Another end of the month and another Hist Fic story from my past revisited
Let's go back to... Restoration England
First published 1944
Abandoned pregnant and penniless on the teeming streets of London, 16-year-old Amber St. Clare manages, by using her wits, beauty, and courage, to climb to the highest position a woman could achieve in Restoration England—that of favorite mistress of the Merry Monarch, Charles II. From whores and highwaymen to courtiers and noblemen, from events such as the Great Plague and the Fire of London to the intimate passions of ordinary—and extraordinary—men and women, Amber experiences it all. But throughout her trials and escapades, she remains, in her heart, true to the one man she really loves, the one man she can never have.
Frequently compared to Gone with the Wind, Forever Amber is the other great historical romance, outselling every other American novel of the 1940s—despite being banned in Boston for its sheer sexiness. A book to read and reread, this edition brings back to print an unforgettable romance and a timeless masterpiece.
What did I think about it..
Forever Amber was one of my mother's favourite historical romances and I remember being thrilled when she let me read her copy of the novel when I was about 15. I think this is the pivotal novel which fostered my love of historical fiction, and even though it has been several years since I last read it, revisiting the story was akin to catching up with an old friend.
The story is huge, nearly 1000 pages, and follows the fortunes of the rather beautiful Amber St Clare as she embarks on a glorious hedonistic adventure, which takes her from a sleepy English village to the lively, and pleasure, seeking court of King Charles II. At times, penniless and destitute, whilst at others dazzlingly rich, Amber embodies all that was both tawdry, and yet splendid, about the Restoration period, and Forever Amber certainly covers everything in glorious detail.
The story meanders slowly and if anything seems slightly dated now with its sexual content hinted at rather than described in sensuous detail, and yet, when it was first published in 1944, the book was banned in many countries because of Amber's loose morals and the story's rather risqué content.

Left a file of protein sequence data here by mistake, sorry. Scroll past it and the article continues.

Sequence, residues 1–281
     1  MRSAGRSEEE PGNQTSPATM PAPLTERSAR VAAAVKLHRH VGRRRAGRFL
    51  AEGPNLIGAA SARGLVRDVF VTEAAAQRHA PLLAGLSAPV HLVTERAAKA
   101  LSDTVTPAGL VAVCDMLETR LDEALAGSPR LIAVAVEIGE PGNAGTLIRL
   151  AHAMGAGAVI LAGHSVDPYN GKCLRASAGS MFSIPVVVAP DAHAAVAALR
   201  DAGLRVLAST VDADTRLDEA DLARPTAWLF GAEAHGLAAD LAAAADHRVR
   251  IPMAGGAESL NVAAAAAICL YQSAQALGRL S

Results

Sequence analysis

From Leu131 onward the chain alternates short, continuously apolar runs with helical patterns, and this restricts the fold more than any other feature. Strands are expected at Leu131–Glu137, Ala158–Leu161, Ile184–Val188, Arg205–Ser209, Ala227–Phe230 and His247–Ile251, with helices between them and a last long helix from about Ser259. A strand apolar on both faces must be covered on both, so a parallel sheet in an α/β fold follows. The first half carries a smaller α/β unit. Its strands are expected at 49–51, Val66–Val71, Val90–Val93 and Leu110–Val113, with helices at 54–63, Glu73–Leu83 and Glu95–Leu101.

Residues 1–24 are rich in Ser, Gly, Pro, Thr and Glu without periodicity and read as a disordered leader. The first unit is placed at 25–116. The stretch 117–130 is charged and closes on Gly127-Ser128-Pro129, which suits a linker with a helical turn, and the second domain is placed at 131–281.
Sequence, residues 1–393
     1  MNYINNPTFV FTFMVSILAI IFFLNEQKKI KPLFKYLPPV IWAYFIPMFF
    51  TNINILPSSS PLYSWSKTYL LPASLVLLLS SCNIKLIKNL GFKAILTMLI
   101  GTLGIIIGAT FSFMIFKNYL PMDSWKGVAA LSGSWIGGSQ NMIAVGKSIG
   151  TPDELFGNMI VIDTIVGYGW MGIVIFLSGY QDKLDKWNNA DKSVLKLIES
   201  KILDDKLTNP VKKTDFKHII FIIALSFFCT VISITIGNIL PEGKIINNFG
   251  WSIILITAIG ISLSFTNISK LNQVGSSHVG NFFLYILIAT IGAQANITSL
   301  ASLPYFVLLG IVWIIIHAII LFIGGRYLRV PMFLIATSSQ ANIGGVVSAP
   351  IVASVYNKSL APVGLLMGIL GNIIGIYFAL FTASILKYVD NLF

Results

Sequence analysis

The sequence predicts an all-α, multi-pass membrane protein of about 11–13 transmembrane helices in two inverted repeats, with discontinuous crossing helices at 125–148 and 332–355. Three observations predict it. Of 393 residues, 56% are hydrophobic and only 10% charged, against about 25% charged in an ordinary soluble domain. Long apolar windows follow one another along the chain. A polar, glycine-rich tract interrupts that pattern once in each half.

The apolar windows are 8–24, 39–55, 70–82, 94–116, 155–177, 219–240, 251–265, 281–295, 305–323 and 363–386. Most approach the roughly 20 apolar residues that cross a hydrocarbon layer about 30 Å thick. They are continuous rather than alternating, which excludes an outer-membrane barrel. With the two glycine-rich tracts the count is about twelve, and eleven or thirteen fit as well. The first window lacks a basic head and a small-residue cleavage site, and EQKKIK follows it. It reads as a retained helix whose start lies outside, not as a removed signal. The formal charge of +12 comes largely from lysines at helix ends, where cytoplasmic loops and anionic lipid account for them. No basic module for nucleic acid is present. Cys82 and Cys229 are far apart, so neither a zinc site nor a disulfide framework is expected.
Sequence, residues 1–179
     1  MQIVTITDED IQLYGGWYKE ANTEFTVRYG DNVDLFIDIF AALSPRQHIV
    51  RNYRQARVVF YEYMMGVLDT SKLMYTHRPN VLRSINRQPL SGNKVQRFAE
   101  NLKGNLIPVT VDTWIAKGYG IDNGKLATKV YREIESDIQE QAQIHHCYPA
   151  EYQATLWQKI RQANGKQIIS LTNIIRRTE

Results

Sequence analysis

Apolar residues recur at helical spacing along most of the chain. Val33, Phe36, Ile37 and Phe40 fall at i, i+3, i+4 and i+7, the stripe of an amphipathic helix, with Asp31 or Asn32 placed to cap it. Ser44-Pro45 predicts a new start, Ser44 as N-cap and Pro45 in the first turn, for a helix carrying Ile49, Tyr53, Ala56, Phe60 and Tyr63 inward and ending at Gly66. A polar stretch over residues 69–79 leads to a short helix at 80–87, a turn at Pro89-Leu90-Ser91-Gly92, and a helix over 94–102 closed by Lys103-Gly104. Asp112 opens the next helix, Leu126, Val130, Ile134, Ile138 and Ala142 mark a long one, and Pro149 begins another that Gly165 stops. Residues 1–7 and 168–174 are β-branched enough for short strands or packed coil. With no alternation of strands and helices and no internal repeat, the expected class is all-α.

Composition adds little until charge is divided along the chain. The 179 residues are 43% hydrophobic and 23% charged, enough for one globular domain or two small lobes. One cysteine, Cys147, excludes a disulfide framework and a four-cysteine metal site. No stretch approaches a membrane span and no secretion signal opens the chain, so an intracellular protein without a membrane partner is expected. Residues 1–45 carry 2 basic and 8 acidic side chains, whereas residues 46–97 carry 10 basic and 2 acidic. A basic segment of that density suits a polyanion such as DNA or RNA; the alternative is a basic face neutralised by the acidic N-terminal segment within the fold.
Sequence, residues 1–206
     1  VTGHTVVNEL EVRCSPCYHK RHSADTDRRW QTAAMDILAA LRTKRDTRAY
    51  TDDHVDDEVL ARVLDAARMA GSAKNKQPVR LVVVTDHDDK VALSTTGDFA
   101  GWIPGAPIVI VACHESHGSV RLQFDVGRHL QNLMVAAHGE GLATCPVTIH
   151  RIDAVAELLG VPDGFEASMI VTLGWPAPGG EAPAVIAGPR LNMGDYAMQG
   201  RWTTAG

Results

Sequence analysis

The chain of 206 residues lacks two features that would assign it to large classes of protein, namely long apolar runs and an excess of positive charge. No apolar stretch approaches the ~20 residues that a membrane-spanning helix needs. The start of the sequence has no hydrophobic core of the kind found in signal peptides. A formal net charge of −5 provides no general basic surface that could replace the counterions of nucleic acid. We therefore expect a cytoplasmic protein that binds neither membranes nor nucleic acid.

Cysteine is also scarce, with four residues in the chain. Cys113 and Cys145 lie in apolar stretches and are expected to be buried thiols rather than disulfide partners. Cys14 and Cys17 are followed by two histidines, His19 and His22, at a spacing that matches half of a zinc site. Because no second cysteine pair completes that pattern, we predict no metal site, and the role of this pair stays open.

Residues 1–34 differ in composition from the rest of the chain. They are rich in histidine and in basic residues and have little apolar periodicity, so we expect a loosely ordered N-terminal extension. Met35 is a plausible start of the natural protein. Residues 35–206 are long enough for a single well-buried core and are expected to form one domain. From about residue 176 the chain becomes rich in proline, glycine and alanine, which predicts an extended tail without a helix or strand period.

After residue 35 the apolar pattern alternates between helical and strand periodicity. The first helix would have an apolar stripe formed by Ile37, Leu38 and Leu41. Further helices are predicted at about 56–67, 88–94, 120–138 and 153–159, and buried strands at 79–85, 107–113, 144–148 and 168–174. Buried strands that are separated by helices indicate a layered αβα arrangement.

This time around I chose to listen to the Audible recording which, at 42 hours and 11 minutes, takes a fair amount of commitment. However, the story is beautifully narrated by Elizabeth Jasicki who brings the story to life, I think I will forever have her voice as Amber St Clare in my head.
Seventy-Six years after its original publication, Forever Amber has sold millions of copies world wide and still remains in print. It was also made into a mediocre film in 1945 by 20th Century Fox with Linda Darnell and Cornell Wilde as Amber St Clare and Bruce Carlton.
About the Author
Kathleen Winsor was raised in Berkeley, California. At the age of 18, Winsor made a list of her goals for life. Among those was her hope to write a best-selling novel. Winsor graduated in 1938 from the University of California, Berkeley. During her school years, she married a fellow student, All-American college football player Robert Herwig. In 1937, she began writing a thrice-weekly sports column for the Oakland Tribune. Although that job only lasted a year, Winsor later returned to the newspaper to work as a receptionist. She was fired in 1938 when the newspaper chose to trim their workforce.
Kathleen Winsor became interested in the Restoration period through her husband. Herwig was writing a paper for school on Charles II, and, out of boredom, Winsor read one of his research books.